Roderick Dadak, partner, and Dr Thomas Hays, consultant, at law firm Lewis Silkin LLP, ask what the recent Da Vinci Code judgement means for copyright law
Dan Brown’s million-selling The Da Vinci Code (DVC) didn’t just start a craze among the nation’s book readers, it also thrust the UK’s copyright law into the limelight when two of the three authors of the best-selling book The Holy Blood and the Holy Grail (HBHG), lost their copyright infringement action against the publishers Random House earlier this year.
Their claim was made under the UK’s Copyright Designs & Patents Act 1988, which protects an author’s literary, dramatic musical and artistic work from plagiarism or unfair exploitation. For a work to be protected it must satisfy the test of originality, namely that it is the result of skill and labour. Here it was alleged that there had been a breach, in that a substantial part of HBHG had been copied in a non-textual rather than a textual manner. In short, that Brown had stolen the authors’ ideas.
The problem is that copyright protects the expression of ideas, not ideas themselves. This maxim creates a continuum of legally substantial copying, from verbatim plagiarism to works written ‘in the style of’. Plagiarism is actionable, imitation is not. What is substantial is a question of fact, as is the more fundamental question as to whether copying has occurred at all. Copyright claimants must prove that substantial or significant portions of their work have been copied. Anything less fails the test for copyright infringement. In this case, the claimants alleged that Brown had copied their central theme in forming his plot, but Mr Justice Peter Smith found there was no central theme to HBHG, and that the association of parts relied on by the claimants for the theme of their work, supposedly copied by Brown, was an artificial construction put forward for the purposes of the infringement action. It was all too general and much was in the public domain anyway. As a result, there had been no substantial copying, at least not in the way the case was pleaded.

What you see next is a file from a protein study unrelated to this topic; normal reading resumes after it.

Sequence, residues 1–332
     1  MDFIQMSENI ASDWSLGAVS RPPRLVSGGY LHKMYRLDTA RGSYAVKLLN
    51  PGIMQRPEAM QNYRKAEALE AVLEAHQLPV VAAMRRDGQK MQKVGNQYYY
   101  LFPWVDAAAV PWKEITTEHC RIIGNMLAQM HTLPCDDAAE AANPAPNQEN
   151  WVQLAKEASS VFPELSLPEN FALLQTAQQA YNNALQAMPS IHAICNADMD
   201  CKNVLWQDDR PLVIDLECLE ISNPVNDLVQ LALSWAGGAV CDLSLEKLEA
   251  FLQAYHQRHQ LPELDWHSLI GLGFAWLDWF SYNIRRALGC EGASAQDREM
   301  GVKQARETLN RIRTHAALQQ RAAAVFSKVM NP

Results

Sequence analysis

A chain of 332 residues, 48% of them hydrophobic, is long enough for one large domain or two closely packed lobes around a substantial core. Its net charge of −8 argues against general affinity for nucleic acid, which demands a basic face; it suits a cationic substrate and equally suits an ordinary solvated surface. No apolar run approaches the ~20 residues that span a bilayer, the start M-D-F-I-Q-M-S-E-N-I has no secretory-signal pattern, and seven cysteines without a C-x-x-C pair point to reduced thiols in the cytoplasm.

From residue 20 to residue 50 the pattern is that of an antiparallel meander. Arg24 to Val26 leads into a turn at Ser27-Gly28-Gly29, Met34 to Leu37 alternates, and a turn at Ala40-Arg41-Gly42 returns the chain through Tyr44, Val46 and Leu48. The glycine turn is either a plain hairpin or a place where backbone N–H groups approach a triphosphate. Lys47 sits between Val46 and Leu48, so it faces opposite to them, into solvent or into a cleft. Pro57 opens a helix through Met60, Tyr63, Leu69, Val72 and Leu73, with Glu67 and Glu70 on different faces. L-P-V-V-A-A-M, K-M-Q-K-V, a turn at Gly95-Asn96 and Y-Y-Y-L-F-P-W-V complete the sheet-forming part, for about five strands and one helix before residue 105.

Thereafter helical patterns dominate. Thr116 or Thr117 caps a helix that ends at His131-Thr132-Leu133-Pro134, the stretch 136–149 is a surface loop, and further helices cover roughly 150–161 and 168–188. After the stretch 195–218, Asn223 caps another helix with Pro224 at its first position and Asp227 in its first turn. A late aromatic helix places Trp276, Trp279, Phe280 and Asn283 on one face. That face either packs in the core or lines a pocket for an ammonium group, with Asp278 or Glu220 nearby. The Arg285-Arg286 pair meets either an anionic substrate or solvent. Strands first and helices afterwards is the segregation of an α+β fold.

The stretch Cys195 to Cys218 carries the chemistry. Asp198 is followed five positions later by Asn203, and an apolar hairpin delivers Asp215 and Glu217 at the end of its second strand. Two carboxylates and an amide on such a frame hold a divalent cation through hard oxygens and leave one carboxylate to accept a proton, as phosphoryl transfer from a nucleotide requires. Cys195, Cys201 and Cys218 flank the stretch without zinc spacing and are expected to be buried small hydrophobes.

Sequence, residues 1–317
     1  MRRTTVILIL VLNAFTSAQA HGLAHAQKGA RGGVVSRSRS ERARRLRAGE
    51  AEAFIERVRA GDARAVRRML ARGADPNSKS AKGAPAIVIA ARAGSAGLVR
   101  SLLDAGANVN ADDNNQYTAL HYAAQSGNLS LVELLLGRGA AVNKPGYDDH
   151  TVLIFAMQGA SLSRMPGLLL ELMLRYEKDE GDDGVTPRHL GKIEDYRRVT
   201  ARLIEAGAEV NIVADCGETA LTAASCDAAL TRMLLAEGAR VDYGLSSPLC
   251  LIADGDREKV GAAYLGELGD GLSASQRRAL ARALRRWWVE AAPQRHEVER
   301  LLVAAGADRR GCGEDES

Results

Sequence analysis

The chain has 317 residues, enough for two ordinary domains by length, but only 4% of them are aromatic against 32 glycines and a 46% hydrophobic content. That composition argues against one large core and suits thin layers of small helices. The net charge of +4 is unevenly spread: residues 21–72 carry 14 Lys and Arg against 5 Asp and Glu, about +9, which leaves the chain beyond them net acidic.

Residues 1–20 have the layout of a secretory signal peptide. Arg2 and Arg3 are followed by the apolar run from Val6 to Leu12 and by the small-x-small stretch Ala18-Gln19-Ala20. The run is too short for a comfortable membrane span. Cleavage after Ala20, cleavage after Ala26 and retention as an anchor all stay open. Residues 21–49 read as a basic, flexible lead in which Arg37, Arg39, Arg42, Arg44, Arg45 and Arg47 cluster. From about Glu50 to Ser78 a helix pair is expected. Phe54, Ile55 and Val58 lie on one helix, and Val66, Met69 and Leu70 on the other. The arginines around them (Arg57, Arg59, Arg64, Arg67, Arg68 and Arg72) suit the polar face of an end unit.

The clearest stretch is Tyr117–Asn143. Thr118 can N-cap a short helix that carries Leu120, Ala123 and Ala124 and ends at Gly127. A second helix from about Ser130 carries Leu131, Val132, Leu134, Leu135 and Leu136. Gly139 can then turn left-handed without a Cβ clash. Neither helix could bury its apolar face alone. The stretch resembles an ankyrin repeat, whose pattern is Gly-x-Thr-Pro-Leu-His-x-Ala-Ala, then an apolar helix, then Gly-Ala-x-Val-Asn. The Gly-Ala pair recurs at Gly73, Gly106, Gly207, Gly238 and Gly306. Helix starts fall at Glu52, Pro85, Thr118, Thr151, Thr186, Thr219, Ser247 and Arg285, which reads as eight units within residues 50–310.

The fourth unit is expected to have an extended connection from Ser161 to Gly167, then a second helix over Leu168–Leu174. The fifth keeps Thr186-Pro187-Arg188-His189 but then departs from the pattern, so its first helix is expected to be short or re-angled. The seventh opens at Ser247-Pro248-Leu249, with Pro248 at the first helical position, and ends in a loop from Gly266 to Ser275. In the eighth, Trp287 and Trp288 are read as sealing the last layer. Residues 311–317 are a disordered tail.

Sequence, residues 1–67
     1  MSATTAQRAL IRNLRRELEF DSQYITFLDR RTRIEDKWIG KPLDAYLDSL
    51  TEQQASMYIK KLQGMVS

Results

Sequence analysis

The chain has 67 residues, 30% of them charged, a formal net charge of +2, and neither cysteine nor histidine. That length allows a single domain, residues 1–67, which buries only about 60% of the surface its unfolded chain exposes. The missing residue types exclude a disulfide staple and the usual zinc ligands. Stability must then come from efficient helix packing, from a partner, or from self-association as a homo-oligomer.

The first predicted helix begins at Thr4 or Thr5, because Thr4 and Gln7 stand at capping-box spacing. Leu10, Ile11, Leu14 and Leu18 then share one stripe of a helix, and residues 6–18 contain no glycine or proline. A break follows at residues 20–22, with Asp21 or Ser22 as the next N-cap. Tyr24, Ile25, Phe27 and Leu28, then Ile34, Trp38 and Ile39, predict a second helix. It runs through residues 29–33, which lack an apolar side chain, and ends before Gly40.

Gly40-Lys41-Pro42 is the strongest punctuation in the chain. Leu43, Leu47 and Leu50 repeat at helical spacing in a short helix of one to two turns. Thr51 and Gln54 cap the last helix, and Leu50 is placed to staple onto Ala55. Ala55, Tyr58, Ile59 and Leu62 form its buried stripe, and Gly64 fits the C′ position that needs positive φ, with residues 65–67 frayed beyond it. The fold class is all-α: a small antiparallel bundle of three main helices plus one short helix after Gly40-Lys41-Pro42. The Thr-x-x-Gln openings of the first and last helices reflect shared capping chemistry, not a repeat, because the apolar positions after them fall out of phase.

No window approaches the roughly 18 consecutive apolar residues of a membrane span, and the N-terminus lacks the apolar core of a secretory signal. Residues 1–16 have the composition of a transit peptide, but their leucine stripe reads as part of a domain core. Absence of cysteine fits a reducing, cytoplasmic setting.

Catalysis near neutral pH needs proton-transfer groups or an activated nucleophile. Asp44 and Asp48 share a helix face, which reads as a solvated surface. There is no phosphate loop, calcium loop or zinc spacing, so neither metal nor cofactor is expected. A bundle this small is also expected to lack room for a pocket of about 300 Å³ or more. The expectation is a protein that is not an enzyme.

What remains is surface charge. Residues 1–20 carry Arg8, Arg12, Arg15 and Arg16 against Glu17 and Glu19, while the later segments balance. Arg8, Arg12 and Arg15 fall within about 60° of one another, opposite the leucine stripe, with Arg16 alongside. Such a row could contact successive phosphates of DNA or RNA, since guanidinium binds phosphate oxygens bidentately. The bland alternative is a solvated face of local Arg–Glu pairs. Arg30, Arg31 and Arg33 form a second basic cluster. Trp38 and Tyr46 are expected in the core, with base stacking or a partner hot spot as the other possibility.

Plagiarism is actionable, imitation is not. What is substantial is a question of fact, as is the more fundamental question as to whether copying has occurred at all.
This decision is an ironic sequel to that in Ravenscroft v Herbert and New English Library Ltd (1980), involving an infringement claim by the author of a non-fiction book (as with HBHG) against a novelist who copied a central historical theme (unlike Dan Brown). But in Ravenscroft there had been blatant textual copying and the judge had no difficulty in finding for Ravenscroft. This proved a hurdle that the HBHG authors could not leap. Essentially authors will remain safe so long as they don’t copy text or self evidently copy the expressed ideas in an obvious way (as Herbert in Ravenscroft).
This article was first published in IP Review, issue 15